Tuesday, July 24, 2012

The Outworking of Grace

In the gospel a righteousness from God is revealed, a righteousness that is by faith from first to last. (Romans 1:17) God will give to each person according to what he has done. (Romans 2:6) It is by grace you have been saved, through faith—and this not from yourselves, it is the gift of God—  not by works, so that no one can boast. (Ephesians 2:8–9) Faith by itself, if it is not accompanied by action, is dead. (James 2:17)

It is a hard task for many of us to reconcile the duel realities presented in the Bible: 
  1. We are saved the grace of God, not by anything that we have done or will do; and, 
  2. We will be judged by what we do. 

On Sunday I asked folks if they had ever struggled with how to reconcile the seemingly  different messages found in these passages. The near universal nods indicated that most had. 

So, which is it? Do we need to do good deeds or works in order to be saved? Or, are we saved by Christ’s work alone, regardless of what we have done. The answer really is quite simple. We are saved by what Christ has done, period, end of discussion. And the things we do from a heart transformed by Christ are the evidence that we have appropriated what he has done, the evidence that we are indeed his. 

Let's go back to the basics: What is the goal of Christianity? It is not a trick question. The goal of Christianity is Chris. As we seek after him and get to know him more fully, we long to spend time with him, to do the things that bring us close to him and that reveal his heart in us. Jesus is not a means to an end, he is the means and the end. Jesus is not a ticket to go to heaven that we “accept” and then we hold until we need it for the afterlife. Rather he is the end, heaven is about Jesus our King and our life with him in his Kingdom, hear in the now, and forever when we die. Jesus is the means, he purchased our way into a restored relationship with him and he empowers a life that moves toward the way of his Kingdom, lived in and with him. This way of being, the things we do as citizens of his Kingdom, do not earn our status as citizens, but reveal that we are indeed citizens.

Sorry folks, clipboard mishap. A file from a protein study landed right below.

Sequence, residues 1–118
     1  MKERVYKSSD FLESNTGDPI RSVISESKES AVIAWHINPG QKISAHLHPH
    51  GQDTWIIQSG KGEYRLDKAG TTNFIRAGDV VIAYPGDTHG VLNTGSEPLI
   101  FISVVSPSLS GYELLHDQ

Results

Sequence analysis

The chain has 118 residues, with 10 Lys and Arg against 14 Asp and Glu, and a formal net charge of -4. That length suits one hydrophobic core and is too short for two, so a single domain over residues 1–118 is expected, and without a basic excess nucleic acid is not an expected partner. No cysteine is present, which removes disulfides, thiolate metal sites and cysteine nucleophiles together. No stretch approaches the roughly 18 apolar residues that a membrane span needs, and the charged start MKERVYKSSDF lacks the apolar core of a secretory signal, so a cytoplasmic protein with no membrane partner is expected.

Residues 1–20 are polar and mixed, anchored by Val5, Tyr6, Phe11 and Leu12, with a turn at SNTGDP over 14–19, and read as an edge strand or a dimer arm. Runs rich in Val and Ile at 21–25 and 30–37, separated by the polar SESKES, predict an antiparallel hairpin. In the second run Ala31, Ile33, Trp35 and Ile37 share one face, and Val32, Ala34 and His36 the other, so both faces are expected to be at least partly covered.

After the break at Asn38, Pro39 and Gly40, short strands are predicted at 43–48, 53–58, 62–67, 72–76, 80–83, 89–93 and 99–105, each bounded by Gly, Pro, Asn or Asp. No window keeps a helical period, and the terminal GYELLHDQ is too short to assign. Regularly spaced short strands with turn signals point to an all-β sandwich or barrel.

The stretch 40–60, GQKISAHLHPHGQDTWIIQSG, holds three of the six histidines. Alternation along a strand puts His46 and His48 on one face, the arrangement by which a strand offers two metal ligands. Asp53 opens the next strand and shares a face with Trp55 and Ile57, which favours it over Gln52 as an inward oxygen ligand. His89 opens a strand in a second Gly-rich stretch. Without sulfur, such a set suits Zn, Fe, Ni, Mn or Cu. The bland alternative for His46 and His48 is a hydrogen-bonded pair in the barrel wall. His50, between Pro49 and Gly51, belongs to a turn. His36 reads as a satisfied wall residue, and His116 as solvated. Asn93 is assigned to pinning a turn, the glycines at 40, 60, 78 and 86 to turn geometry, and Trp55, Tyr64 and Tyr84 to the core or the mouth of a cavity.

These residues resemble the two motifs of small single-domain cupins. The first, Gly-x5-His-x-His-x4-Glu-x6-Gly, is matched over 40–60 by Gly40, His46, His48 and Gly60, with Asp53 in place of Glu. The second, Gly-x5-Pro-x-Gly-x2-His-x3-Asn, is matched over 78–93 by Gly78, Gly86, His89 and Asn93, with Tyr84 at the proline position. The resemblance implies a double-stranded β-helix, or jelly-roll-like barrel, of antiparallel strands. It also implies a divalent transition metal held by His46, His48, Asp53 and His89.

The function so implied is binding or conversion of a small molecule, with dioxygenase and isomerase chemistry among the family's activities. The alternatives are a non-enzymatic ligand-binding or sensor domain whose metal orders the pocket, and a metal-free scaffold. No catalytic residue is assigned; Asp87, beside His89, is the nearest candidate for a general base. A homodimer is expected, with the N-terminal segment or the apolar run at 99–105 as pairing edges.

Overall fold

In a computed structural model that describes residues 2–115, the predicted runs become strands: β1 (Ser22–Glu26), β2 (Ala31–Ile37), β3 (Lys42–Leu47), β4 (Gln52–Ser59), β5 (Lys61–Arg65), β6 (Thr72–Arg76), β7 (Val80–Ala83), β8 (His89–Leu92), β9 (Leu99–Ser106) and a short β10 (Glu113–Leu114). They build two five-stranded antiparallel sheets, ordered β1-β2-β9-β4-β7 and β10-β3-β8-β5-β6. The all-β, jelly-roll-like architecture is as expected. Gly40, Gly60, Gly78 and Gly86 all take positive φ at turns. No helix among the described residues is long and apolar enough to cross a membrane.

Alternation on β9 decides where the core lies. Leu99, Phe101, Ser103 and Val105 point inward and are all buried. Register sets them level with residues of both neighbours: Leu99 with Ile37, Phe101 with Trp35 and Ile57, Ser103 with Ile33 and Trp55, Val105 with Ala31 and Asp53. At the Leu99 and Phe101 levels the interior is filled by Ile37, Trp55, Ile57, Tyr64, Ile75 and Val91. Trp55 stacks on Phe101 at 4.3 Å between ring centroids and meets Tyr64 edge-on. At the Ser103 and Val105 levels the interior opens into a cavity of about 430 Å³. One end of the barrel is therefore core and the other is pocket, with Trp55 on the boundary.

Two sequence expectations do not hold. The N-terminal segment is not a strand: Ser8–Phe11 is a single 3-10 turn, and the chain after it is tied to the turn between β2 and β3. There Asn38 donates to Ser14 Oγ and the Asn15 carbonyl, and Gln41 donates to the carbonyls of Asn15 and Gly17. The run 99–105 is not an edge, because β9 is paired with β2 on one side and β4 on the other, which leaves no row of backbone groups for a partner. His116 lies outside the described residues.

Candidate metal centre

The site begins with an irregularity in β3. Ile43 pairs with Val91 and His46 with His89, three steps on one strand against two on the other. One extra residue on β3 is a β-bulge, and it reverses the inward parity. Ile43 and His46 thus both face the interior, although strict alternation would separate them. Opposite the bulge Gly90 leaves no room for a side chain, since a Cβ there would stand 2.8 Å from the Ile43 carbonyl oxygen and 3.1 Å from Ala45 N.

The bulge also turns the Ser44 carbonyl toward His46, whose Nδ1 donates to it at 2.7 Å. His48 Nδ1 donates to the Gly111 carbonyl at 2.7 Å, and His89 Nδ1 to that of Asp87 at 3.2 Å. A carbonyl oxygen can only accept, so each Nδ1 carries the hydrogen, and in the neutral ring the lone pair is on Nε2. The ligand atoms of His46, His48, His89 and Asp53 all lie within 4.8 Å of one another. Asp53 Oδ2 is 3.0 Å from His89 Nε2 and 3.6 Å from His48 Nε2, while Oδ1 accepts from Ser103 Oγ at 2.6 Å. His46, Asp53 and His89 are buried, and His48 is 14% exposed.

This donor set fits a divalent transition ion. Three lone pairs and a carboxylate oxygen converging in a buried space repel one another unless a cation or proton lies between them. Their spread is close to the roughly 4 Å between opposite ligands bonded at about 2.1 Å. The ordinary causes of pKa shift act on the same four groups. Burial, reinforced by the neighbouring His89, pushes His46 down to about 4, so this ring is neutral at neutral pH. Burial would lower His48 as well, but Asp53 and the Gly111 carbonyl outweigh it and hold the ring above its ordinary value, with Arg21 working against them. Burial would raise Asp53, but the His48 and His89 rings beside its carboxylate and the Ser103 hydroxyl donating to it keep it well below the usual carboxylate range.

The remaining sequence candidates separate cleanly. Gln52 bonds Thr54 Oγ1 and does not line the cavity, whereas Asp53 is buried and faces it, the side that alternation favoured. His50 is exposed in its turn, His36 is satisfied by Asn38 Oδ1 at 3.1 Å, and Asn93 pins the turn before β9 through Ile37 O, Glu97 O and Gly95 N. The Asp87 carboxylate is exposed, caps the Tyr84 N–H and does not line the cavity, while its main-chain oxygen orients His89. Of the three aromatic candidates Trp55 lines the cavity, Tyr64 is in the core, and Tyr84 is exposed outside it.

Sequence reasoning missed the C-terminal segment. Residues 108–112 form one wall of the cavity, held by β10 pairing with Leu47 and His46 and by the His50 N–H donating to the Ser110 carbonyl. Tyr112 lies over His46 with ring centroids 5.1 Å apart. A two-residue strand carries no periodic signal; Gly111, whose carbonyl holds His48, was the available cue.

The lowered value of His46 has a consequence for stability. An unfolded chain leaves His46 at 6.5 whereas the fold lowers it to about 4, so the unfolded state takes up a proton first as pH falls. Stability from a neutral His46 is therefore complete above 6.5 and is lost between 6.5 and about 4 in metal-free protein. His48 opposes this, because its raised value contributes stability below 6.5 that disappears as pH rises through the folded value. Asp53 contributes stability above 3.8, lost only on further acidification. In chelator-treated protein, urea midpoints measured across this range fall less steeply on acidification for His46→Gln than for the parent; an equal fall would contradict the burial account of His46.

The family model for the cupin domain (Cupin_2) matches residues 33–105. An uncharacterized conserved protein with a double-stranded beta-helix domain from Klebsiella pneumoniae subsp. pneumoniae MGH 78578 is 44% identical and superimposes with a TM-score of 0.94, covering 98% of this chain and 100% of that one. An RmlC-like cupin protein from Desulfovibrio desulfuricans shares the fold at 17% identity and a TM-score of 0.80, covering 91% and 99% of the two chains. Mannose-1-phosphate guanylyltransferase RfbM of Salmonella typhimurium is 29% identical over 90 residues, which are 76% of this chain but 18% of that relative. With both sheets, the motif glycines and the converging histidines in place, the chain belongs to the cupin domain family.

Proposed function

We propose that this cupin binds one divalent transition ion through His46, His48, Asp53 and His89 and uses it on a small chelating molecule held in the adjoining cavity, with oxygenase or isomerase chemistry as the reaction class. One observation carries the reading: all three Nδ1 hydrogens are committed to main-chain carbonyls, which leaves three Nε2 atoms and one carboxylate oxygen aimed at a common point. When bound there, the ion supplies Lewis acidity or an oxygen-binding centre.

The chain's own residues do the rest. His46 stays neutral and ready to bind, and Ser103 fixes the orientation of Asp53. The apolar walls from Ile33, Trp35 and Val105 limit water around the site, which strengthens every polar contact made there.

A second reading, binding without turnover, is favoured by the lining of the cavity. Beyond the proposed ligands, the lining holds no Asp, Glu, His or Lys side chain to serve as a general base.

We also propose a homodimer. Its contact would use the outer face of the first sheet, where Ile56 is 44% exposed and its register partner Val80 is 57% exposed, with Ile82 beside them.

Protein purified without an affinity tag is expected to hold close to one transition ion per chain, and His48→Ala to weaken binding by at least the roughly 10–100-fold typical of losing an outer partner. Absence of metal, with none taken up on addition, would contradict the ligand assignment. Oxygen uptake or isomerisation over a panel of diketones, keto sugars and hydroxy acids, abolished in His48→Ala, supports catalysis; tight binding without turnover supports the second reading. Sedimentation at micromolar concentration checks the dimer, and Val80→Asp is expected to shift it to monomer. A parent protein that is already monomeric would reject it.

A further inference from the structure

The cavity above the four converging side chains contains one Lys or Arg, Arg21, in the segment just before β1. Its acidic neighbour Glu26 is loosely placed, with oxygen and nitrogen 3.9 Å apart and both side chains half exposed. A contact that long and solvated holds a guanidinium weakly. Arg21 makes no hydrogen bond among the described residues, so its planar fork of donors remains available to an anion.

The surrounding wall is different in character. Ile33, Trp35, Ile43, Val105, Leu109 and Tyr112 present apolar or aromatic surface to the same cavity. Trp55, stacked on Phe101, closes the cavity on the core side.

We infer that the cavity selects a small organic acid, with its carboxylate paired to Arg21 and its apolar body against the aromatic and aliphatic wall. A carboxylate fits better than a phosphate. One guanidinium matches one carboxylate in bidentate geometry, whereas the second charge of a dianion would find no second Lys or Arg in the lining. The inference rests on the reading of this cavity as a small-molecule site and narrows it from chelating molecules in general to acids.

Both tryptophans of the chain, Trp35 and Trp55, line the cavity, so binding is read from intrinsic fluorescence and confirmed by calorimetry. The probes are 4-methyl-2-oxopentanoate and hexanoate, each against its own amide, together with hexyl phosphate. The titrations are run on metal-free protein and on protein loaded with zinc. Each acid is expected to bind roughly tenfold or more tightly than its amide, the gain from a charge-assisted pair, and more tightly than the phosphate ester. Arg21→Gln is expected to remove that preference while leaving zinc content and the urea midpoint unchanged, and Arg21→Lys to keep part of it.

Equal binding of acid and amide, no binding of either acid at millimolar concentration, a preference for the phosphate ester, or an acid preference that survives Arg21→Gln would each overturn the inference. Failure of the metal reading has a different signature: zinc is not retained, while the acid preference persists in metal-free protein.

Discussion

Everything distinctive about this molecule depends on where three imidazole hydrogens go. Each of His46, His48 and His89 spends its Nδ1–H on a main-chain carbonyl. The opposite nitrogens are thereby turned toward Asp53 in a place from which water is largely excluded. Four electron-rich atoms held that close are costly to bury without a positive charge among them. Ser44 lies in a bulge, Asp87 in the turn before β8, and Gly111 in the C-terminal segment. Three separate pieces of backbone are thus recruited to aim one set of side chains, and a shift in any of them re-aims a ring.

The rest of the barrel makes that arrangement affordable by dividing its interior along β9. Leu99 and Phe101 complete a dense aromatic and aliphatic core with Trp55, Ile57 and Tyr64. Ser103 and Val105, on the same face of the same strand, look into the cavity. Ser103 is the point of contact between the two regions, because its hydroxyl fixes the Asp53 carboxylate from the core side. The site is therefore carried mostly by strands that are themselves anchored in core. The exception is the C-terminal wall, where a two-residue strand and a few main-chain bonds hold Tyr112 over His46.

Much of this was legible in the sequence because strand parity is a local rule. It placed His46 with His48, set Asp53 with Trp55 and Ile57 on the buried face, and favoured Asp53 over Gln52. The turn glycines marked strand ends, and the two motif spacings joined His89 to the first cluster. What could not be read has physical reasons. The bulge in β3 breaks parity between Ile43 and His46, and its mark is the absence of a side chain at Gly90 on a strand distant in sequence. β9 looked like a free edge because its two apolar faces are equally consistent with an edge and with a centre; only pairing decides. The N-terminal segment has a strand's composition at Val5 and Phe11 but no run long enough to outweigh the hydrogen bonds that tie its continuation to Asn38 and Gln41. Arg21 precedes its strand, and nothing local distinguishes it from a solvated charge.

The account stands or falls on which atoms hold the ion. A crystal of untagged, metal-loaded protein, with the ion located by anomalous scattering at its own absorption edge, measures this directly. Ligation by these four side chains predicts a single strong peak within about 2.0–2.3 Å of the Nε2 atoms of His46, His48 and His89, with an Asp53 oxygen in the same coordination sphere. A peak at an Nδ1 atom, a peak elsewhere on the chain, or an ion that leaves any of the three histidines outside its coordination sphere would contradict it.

On Sunday I mentioned the story in 1 Kings where two woman asked King Solomon to decide between them who was the true mother of a child. (Read 1 Kings 3:16–27 if you are not familiar with the story). When King Solomon threatened to take his sword and split the child in half, giving each woman a piece, the reaction of the true mother -- her action -- revealed to him the true relationship. It was not that the woman became the mother by her actions, but rather that her actions revealed that she was indeed the mother all along. It is like that with our works, deeds or behaviors. They do not make us fit for an eternity with Christ, they reveal whether such an eternity is really what we desire -- or, tragically, if we are just going through the motions.  So, what do you do with this? 
  • Do you see evidence in your life that indicate allegiance to God? 
  • Do you allow yourself to be shaped by him? 
  • Do you ever make decisions that but for the reality of Christ would not make sense? 

If the answer to these questions is no, the invitation is a simple one. It is not do do more, but to seek more. The solution is to draw near to Christ, to his ways, to his life in you. If you do not know how to go about that, let me know. We are all on the Journey with Jesus together, it is a journey toward life, and it was meant to be traveled together.

Peace, hope and love,